Things may not be so black and white, however. There is a third group that warrants consideration in any discussion of the paranormal. This is the community of hoaxers. Unfortunately, many individuals have chased fame by claiming the capture of evidence that had been contrived. Truthfully, trickery has likely existed just as long as legitimate experiences of paranormal events. The motivation for these individuals varies, but there’s usually some sort of financial reward involved. For example, spirit mediums and exorcists have always been able to ask for money, which can be seen as clear motivation for a hoax. Likewise, modern video and image evidence may lead to a career that involves book deals or even a documentary. There are also hoaxers that seem to find some sort of amusement or pleasure at the expense of others. Lying is easy. Unfortunately, we’re entering a technological age where we’ll no longer be able to accept video or images as evidence at all. CGI gets easier, photo manipulation technology gets better, and the ability to see evidence in its original unaltered state will be based on nothing short of blind trust. In a world of hoaxers, trust just isn’t enough anymore. Maybe it never was.

People who have had these experiences are often left extremely shaken. Some individuals become obsessed in proving to others that what they saw was real. Others become silent. Many have claimed to suffer a variety of symptoms that sound surprisingly similar to PTSD. Problems sleeping, fear of being alone, avoiding certain locations, terrifying dreams, anxiety, spiritual uncertainty, relationship collapse and feelings of “craziness” are all commonly reported. Rarely are paranormal experiences said to have been fun or desirable. In fact, most report that they wished that the paranormal event had never occurred in the first place.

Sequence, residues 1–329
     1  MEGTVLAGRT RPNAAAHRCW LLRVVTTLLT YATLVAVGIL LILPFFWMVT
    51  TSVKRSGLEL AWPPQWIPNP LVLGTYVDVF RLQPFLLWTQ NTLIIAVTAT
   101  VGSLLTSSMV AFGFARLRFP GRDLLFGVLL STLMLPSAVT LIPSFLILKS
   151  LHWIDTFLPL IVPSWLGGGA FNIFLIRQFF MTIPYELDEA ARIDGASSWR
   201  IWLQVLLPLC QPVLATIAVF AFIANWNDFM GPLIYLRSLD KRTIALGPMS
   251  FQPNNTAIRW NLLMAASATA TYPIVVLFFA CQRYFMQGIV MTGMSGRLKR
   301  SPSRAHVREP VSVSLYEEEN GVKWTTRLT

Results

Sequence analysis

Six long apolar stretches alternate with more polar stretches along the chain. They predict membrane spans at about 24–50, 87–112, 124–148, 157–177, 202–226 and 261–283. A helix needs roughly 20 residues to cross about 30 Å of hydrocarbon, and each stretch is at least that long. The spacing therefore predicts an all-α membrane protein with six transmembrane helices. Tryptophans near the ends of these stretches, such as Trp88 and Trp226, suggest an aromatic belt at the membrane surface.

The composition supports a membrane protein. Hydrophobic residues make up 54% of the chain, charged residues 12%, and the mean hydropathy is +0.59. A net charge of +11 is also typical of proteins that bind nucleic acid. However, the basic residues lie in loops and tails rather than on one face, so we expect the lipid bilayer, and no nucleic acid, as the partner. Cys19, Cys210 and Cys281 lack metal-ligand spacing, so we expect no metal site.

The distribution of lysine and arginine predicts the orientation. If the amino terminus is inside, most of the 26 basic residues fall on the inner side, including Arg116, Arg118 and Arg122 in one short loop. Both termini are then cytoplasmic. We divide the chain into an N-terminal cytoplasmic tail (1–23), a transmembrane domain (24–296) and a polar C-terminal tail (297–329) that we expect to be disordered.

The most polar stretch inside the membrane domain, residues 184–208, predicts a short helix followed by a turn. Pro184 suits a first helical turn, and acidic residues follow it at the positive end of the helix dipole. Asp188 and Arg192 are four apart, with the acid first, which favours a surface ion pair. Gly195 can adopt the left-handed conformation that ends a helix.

So where does that leave us? Do we really need to accept that entities such as ghost are real? No, we do not. We merely need to accept, as the scientific community already has, that certain individuals have experienced these events. No one knows what the truth is despite what any one person may claim. That is why these types of events – such as hauntings – are considered unexplained.

No matter how crazy the truth may be, we can rest assured that a day will come where we’ll know beyond the shadow of a doubt what that truth really is. That answer may be a chemical imbalance, or it may be something far more significant such as proof of life after death. I do not know what that truth will be, and neither do you. Until then, all we have is speculation. At this rate, maybe speculation is all we’ll ever have? I hope not.

On a personal level, I can work within my own beliefs as I continue to grow and to evolve. I will try to keep in mind, however, that spiritual practices are viewed as faith-based for a reason. The only thing that I do know for sure, is that the older I get the more frustrated I become by people who claim to absolutely know the truth about anything. When it comes to the world of the supernatural, this is especially frustrating, because no one does. That’s why we use the term paranormal in the first place. These events are simply beyond scientific explanation… for now.

Paranormal

The Ghosts of Togo and his Wife by Utagawa Kuniyoshi. c. 1850

About Shanon Sinn

The Spirit of Vancouver Island. Nature Beings, Shapeshifters, Ghosts & Ancestor Spirits. The Earth is Sacred.